Electrical control of single atom magnets

December 8, 2013
When directly on a metal surface, the magnetism (black arrows) of a single cobalt atom (orange circles) is screened by strong interactions with the surrounding metallic sea (blue). By moving these atoms towards the center of an island of thin insulator material (white), we can gradually decrease that strength of that interaction, which results in a remarkable enhancement of the magnetic anisotropy. Credit: Alfaro Cuevas/ alfarocuevas.blogspot.com. Creative Commmons Attribution/No-Derivatives licence

The energy needed to change the magnetic orientation of a single atom – which determines its magnetic stability and therefore its usefulness in a variety of future device applications – can be modified by varying the atom's electrical coupling to nearby metals.

This striking result was published today in the journal Nature Nanotechnology by an international group of scientists working at the London Centre for Nanotechnology (LCN) at UCL (UK), the Iberian Nanotechnology Laboratory (Portugal), the University of Zaragoza (Spain), and the Max Planck Institute of Microstructure Physics (Germany).

Anyone playing with two magnets can experience how they repel or attract each other depending on the relative orientation of their magnetic poles. The fact that in a given magnet these poles lie along a specific direction rather than being randomly oriented is known as magnetic anisotropy, and this property is exploited in a variety of applications ranging from compass needles to hard drives.

"For 'large' pieces of magnetic material," emphasized Dr Joaquín Fernández-Rossier from the INL, "magnetic anisotropy is determined primarily by the shape of a magnet. The atoms that form the are also magnetic themselves, and therefore have their own magnetic anisotropy. However, atoms are so small that it is hardly possible to ascribe a shape to them, and the magnetic anisotropy of an atom is typically controlled by the position and charge of the neighbouring atoms."

Using a scanning tunnelling microscope, an instrument capable of observing and manipulating an individual atom on a surface, LCN researchers and their colleagues discovered a new mechanism that controls magnetic anisotropy at the atomic scale.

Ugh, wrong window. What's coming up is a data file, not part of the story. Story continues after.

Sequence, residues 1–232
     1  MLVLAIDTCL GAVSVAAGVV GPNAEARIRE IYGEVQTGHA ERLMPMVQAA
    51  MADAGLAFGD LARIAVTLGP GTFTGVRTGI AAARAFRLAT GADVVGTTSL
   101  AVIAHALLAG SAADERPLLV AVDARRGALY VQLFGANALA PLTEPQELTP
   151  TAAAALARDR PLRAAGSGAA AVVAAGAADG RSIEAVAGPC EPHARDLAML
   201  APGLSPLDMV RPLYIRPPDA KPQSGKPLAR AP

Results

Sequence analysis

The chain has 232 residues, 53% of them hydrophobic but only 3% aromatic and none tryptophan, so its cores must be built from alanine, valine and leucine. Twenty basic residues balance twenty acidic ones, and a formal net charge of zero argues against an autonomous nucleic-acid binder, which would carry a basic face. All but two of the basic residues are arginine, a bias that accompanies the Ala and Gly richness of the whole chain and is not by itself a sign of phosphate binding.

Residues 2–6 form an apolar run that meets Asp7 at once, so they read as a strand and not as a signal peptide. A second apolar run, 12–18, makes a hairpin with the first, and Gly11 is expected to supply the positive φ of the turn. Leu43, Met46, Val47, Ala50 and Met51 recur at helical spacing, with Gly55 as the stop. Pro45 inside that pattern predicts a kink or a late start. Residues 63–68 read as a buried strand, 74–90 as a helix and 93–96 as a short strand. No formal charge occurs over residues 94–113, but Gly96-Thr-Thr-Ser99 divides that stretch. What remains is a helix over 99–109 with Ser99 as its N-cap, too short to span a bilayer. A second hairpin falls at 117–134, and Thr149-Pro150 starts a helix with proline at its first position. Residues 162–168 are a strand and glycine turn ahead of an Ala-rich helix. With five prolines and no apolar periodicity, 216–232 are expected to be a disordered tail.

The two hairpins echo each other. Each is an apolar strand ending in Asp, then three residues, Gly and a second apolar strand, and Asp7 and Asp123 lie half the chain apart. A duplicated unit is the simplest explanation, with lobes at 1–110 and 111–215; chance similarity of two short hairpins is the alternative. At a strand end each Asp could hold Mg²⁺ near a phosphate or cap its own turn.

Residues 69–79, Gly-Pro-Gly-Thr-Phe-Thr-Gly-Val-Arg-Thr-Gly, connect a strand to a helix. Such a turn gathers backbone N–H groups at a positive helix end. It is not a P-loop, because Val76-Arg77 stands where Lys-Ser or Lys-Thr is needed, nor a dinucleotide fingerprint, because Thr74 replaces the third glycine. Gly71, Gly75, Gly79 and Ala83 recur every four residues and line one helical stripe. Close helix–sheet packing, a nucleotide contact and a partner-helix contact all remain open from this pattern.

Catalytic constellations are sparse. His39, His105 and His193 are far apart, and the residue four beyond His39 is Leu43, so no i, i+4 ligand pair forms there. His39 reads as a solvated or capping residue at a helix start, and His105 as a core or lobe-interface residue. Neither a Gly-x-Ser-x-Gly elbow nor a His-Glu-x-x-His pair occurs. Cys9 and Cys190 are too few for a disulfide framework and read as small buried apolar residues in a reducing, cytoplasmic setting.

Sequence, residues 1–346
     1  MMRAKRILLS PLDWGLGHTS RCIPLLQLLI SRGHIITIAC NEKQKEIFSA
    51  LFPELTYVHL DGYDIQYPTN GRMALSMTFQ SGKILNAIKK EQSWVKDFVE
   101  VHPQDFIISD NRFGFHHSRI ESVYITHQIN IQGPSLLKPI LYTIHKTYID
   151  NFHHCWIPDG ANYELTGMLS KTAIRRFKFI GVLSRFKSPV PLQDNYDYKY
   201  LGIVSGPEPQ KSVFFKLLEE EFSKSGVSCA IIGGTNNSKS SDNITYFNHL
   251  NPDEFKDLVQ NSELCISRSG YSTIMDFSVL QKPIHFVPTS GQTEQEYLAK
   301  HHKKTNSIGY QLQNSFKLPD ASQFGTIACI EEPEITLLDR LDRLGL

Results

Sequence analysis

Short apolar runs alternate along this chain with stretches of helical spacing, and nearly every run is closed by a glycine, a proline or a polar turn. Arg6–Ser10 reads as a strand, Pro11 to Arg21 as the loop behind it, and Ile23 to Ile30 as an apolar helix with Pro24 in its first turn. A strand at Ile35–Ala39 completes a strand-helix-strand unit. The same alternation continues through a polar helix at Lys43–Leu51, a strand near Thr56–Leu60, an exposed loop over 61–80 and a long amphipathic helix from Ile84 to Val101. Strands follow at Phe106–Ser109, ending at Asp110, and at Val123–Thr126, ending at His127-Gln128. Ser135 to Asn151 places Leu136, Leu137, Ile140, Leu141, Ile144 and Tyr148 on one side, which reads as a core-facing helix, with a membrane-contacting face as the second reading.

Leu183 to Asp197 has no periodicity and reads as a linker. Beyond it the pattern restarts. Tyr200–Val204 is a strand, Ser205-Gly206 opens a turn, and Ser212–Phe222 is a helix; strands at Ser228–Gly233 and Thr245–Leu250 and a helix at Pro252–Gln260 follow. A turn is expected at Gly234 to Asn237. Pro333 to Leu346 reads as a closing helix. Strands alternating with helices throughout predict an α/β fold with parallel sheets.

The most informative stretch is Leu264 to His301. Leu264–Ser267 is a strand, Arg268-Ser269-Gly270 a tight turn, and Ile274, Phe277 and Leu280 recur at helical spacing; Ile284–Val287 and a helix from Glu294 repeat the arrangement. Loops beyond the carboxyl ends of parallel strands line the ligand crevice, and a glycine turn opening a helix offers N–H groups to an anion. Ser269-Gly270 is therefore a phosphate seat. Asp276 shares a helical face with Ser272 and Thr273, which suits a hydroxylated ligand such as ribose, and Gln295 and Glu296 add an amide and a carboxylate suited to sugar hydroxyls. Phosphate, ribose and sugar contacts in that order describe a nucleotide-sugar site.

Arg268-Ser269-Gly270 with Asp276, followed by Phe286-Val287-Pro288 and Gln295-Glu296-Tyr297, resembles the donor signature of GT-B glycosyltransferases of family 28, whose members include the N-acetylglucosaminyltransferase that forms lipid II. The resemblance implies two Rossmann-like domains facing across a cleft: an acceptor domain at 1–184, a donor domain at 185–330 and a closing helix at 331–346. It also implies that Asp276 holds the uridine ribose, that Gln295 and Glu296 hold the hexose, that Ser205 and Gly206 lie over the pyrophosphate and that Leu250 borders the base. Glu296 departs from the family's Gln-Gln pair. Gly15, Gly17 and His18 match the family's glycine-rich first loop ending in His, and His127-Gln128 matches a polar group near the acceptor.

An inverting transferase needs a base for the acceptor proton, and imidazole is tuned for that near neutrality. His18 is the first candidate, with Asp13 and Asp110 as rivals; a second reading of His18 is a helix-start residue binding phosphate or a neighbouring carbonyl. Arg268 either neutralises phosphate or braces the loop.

In their experiment, the research team observed dramatic variations in the magnetic anisotropy of individual atoms depending on their location on a copper surface capped with an atomically-thin insulating layer of copper nitride.

These variations were correlated with large changes in the intensity of another phenomenon – the Kondo effect – that arises from electrical coupling between a magnetic atom and a nearby metal. With the help of theoretical and computational modelling performed in Germany and Portugal, the researchers found that, in addition to the conventional structural mechanisms, the electronic interactions between the metal substrate and the magnetic atom can also play a major role in determining magnetic anisotropy.

"Electrical control of a property that formerly could only be tuned through structural changes will enable significant new possibilities when designing the smallest possible devices for information processing, data storage, and sensing," said LCN researcher Dr Cyrus Hirjibehedin.

In contrast to the more conventional mechanisms, this contribution to the magnetic anisotropy can be tuned electrically using the same process that drives many transistors, the field effect. These results are particularly timely because they support efforts to find material systems with large magnetic anisotropy that are free of rare earth elements, scarce commodities whose mining has large environmental impact.

Explore further: New physics in a copper-iridium compound

More information: 'Control of single-spin magnetic anisotropy by exchange coupling' is published online in Nature Nanotechnology today. DOI: 10.1038/NNANO.2013.264

Related Stories

New physics in a copper-iridium compound

August 8, 2013

(Phys.org) —An unexpected magnetic behavior within Sr3CuIrO6, a transition-metal compound (TMC) that combines the transition metal copper with the transition metal iridium has been revealed by research at the U.S. Department ...

A fresh step towards quantum computing

November 19, 2013

The researcher Jose Ignacio Pascual of nanoGUNE, together with researchers of the Free University of Berlin, has developed a method to manipulate magnetism in atoms. This research makes it possible to drive forward the exploration ...

Recommended for you

An engineered surface unsticks sticky water droplets

August 31, 2015

The leaves of the lotus flower, and other natural surfaces that repel water and dirt, have been the model for many types of engineered liquid-repelling surfaces. As slippery as these surfaces are, however, tiny water droplets ...

Electrical circuit made of gel can repair itself

August 25, 2015

(Phys.org)—Scientists have fabricated a flexible electrical circuit that, when cut into two pieces, can repair itself and fully restore its original conductivity. The circuit is made of a new gel that possesses a combination ...

2 comments

Adjust slider to filter visible comments by rank

Display comments: newest first

davidivad
1 / 5 (2) Dec 09, 2013
great to see more precision at this scale. I think that impurities in materials might prevent this from ever being on a feasible production line but i have been wrong before. I do see experimental equipment benefiting from this though.
Mimath224
1 / 5 (3) Dec 09, 2013
@ davidivad, Is it possible to use this procedure to examine a sample of metal to search for those 'impurities' you mention? Such systems might be useful rocket technology.

Please sign in to add a comment. Registration is free, and takes less than a minute. Read more

Click here to reset your password.
Sign in to get notified via email when new comments are made.